Huzzahs, claps and roars of approval from the crowd of more than 100 echoed off the walls of the second floor of the Vista’s Carolina Ale House on Saturday.
No, people weren’t watching Ole Miss play the University of South Carolina in baseball on the ubiquitous flat-screen televisions on the tavern walls.
It was raucous praise to the doctrine of “Hair today, gone tomorrow” as a seemingly endless stream of hirsute men, women and children stepped into chairs and onto stools and had their hair cut Saturday in the yearly St. Baldrick’s cancer-fighting drive.
For every shorn head, money went to the St. Baldrick’s Foundation, a non-profit said to raise some $10 million yearly in similar mass hair-cutting rituals around the country. Each of them are held around St. Patrick’s Day.
“I’ll be doing it in two years,” said Stacy Puckett, 10, as she watched her cousin, Samantha Puckett, 13, of Pelion get her head shaved off by hair stylist Laken Atkinson, 20, one of some 20 barbers helping with the event. Some barbers came from as far away as Asheville.
“Yaaaaaaaah!” screamed a happy Samantha after Atkinson was finished and held up a mirror.
In the next chair, Samantha’s mom, Kristen Puckett, 34, was having her head shaved, too.
Later, Kristen Puckett said Samantha “has been waiting since 2010 to do this. We told her we wanted her to wait until she was old enough to make that decision on her own.”
Samantha’s grandmother, Violet Puckett, died of cancer, and Samantha had looked forward to doing her part to battle the disease, said her dad, Ray Puckett.
Signs were plastered on the walls: “Hair is an accessory ... not a necessity” and “Be brave ... Go Bald.” A slogan on the back of a T-shirt read “I braved the shave.”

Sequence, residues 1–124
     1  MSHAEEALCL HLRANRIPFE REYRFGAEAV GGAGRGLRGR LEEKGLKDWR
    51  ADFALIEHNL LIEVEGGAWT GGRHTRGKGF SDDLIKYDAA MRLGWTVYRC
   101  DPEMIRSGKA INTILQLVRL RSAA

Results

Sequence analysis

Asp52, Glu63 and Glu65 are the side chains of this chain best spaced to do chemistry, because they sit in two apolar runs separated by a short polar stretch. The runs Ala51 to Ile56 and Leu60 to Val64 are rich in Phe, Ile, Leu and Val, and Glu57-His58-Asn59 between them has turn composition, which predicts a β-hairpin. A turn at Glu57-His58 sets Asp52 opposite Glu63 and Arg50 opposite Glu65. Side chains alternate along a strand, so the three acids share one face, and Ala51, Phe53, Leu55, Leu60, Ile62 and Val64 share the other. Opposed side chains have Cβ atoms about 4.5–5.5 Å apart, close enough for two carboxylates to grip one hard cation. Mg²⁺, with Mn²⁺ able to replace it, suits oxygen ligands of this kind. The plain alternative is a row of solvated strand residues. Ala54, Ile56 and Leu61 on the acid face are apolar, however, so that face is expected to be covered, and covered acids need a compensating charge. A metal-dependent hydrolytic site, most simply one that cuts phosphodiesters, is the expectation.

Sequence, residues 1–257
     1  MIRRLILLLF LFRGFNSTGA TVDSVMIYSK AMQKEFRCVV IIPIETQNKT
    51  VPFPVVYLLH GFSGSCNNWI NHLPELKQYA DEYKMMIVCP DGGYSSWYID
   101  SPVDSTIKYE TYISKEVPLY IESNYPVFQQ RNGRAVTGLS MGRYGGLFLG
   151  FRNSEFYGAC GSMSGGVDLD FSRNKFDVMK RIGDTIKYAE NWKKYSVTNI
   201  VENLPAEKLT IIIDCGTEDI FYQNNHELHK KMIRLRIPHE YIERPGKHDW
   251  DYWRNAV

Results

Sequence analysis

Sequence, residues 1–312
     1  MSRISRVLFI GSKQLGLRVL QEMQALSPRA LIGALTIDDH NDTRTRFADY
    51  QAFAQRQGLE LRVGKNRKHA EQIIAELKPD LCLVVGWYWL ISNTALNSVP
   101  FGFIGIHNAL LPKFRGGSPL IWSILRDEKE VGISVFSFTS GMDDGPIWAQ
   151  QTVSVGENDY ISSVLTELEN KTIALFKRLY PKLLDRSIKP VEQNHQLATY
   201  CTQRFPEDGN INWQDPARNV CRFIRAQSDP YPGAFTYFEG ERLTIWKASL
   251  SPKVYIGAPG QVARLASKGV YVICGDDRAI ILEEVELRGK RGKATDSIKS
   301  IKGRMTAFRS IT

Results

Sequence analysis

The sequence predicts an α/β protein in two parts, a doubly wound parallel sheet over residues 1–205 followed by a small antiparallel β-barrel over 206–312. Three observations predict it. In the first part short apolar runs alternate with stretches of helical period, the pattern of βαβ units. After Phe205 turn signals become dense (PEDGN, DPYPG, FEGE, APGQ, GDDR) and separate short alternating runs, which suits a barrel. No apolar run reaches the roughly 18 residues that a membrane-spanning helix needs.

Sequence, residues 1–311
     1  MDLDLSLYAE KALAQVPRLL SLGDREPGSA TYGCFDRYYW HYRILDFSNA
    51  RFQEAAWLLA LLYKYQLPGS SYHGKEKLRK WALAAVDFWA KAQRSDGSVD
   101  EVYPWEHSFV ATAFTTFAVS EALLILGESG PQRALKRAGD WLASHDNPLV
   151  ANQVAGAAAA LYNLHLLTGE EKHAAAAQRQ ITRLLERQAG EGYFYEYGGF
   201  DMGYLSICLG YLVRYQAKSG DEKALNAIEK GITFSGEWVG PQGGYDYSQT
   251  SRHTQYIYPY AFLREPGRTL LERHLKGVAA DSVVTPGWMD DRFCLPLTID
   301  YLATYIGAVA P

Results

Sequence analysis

As clippers buzzed on the about-to-be shorn, a roving announcer strutted the stage like a carnival barker, pleading with the crowd to donate more money and asserting: “We have more women shave their head in Columbia than any other place in the country!”
Some people donated as little as $10 Saturday; one person wrote a check for $2,000, said event treasurer Cher Hess, 42, of Chapin. She estimated that about 15 percent of those getting their hair cut were female.
“We raised about $95,000 last year, and we just get bigger every year,” said Ivan Baughman of Columbia, 63, the event’s main organizer.
All the barbers are licensed and most bring their own equipment. “We just don’t bring people in from off the street,” Baughman said.
More than 300 people had their hair cut Saturday, and – with $98,800 raised by 4:15 p.m. – the event easily passed this year’s goal of $100,000 by a little after 5 p.m.
“I’m just happy to be healthy and to be able to contribute in a way that will help the kids,” said Robert Hodge, 52, a chemist from Sumter. He was at the Ale House with his wife, Julie “Michael” Hodge, who was painting peoples’ faces and shaved heads for donations to the cause.
Although much cut hair was thrown away, hair that fit certain criteria – never been dyed, more than 8 inches long and able to be gathered in a ponytail – was collected and will be donated to “Wigs for Kids,” a non-profit that donates wigs to children suffering hair loss.
“Baldrick” is a made-up name, a combination of “bald” and “St. Patrick’s” and it should not be confused with Balderic, the eighth century French monk.
In 2000, three New Yorkers coined the name Baldrick, put on the first head-shaving event and donated the proceeds to children’s cancer research. Since then, it has grown to be a nationwide endeavor.
This is the 10th anniversary of the Columbia event, which is put on with a corps of volunteers.